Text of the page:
Don’t listen, watch
An axiom we have followed over the years states, “Don’t listen to what they say, watch what they do.” This applies to politicians, advocates, public interest groups, and even businesses. Case in point: Jimmies, Inc. appealing the agreement with the city on a revised plan for the New England Brewing Company (NEBCO) facility at the former West Haven Conference Center.
Last month, the famous shoreline restaurant filed another appeal – its third – against the revised plan, which was approved by the Planning & Zoning Commission and the City Council.
Douglas Gray, developer of the new site, has not stated anything publicly, but this latest development must be exasperating at least. An appeal of his revised plan and some public commentary in a summer City Council meeting resulted in him pulling the plan and looking elsewhere. We would not be surprised if he determines the plan is just not worth the effort.
Under contention is the easement along the city’s shoreline boardwalk. A patio area is planned for the property, and despite assurances there would be access to the boardwalk, the litigation stands. This despite the fact, when Jimmies had appealed against the plan causing it to be pulled by Gray, the landmark had to put a full-page ad in this newspaper because of the public backlash.
Earlier litigation had Gray alter his original plan, which included the demolition of the current building, and construction of a facility that would include a taproom and brewery complex. This type of micro-brewery/taproom plan has worked at its Woodbridge site, and, indeed, works elsewhere in various other such businesses throughout the state.
The revisions, made in hopes of quelling opposition, included reduction of the square footage and footprint, use of the current building with alterations, and elimination of certain aspects. The brewery was deleted, and the taproom became a tasting facility.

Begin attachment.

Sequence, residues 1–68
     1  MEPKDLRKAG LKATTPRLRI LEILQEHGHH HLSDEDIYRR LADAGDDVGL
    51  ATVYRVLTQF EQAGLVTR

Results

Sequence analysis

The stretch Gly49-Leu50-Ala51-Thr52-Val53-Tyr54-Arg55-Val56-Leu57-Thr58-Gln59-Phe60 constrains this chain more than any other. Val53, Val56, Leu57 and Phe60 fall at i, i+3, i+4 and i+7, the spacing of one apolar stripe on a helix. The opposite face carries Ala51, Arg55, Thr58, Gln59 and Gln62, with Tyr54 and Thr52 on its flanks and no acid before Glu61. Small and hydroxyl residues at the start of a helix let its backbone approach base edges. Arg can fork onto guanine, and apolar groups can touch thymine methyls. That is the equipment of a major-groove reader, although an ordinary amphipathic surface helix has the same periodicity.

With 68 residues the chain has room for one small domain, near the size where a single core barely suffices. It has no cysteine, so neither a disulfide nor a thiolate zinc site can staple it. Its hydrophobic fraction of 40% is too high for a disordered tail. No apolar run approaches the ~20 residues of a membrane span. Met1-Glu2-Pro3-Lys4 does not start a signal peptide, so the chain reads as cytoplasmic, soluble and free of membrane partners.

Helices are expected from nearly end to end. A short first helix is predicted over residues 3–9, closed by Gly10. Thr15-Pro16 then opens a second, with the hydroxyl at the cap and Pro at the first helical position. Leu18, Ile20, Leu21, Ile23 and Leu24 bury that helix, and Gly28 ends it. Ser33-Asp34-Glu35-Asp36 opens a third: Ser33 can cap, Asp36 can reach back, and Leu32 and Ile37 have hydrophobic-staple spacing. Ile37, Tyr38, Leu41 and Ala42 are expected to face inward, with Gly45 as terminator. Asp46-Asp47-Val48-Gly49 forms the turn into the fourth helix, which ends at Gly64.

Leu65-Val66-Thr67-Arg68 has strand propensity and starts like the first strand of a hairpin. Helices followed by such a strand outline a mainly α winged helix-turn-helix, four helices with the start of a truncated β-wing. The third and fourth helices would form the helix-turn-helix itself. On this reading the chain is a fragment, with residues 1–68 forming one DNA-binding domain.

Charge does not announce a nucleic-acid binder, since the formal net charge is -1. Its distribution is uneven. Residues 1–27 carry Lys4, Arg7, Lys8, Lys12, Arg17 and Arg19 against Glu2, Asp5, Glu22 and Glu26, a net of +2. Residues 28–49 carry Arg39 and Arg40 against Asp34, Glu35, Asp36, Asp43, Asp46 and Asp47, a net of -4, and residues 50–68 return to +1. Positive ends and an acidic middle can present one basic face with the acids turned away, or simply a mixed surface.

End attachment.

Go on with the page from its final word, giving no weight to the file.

Despite their protestations to the otherwise, one could question how much they are welcoming of the new facility. One may be allowed to doubt.
Mayor Borer has attempted to bring the sides to the bargaining table and seems to have had little success. The new chief executive should be furious over the turn of events. We daresay many residents in the city would share her frustration. For many years we have heard what Jimmies, Inc. is against, we would be interested to hear what it is FOR.
If the landmark business is genuinely interested in being a good neighbor, it should sit across a table with Gray and the mayor and come to an agreement. We urge the mayor to put together a qualified team of people including herself, and work to negotiate a commitment of which Jimmies, Inc. will be a part. There is no reason these issues have to be played out in court if they can be addressed by all interested parties.
Actions speak louder than words; and, so far, the public is tuning out Jimmies, Inc.’s words in greater numbers.